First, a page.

Over the past few months I've been reading a lot about parc and it's development of ethnography internally for all sorts of uses. I thought I'd share an interesting blog post by James Glasnapp, an ethnographer at parc. The post details some of the methods they use to collect data along with some benefits they've discovered.
By showing client stakeholders examples of phenomena observed through ethnography — whether in the mobile domain, leisure settings, workplace, cityscapes, or elsewhere — we try to bring a “real world” view they might not otherwise see. In a recent workshop where we presented the end-user’s vantage point, our client commented, “Wow, we never really considered that user of our product — we have been so focused on our competitors’ product features that we didn’t consider this group of users.”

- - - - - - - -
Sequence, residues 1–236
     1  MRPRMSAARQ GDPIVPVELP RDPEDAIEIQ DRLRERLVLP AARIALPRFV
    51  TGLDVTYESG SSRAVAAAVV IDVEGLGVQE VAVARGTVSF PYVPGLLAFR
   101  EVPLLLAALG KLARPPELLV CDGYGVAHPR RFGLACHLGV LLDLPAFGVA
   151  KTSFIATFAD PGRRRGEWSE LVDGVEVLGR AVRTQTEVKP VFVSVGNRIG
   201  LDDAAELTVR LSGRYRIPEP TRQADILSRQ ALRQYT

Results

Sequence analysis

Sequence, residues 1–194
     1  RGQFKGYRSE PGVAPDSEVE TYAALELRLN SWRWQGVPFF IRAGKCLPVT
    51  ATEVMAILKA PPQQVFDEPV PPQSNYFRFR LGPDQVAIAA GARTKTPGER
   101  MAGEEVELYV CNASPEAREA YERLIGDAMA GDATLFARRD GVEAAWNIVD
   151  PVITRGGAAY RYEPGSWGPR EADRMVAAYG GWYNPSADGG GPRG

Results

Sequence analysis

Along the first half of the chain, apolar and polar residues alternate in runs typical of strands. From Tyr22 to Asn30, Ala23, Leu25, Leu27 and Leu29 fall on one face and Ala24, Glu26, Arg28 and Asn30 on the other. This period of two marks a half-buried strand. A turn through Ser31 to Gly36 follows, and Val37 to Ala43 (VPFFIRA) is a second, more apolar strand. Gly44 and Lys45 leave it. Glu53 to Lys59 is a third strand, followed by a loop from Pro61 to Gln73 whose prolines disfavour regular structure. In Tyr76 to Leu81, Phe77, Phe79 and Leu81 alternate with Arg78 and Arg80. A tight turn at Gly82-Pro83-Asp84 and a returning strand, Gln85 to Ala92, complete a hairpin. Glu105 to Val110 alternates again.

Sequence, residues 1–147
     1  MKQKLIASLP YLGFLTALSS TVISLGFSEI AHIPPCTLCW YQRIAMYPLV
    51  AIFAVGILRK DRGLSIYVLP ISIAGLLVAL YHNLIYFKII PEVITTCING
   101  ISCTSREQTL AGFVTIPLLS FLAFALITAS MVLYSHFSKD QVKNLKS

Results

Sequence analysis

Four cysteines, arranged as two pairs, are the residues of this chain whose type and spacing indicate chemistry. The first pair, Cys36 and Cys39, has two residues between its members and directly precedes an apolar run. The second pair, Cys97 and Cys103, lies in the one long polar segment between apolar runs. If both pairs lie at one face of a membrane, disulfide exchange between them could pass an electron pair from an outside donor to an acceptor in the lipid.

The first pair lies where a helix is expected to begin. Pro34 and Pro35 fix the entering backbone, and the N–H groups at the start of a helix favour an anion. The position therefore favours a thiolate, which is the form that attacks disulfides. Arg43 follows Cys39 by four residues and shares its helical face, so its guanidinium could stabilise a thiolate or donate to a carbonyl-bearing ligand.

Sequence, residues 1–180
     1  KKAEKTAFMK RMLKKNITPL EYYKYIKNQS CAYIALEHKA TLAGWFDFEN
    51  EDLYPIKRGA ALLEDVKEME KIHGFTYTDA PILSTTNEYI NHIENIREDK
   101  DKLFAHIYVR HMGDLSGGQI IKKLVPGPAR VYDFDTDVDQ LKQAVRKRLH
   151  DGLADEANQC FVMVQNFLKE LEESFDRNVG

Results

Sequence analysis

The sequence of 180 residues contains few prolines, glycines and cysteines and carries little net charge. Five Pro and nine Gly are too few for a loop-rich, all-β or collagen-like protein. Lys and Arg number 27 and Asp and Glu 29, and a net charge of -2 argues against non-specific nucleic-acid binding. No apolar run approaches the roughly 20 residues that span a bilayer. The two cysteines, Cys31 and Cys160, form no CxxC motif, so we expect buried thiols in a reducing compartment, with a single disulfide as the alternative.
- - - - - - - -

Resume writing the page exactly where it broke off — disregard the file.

The science and art of ethnography is not in a preset formula for these individual methods. It’s in the selection, unique combination, customizations, and analysis — which together can yield the “deep” understanding that in turn inspires innovation, or fosters change.
Read the whole article here.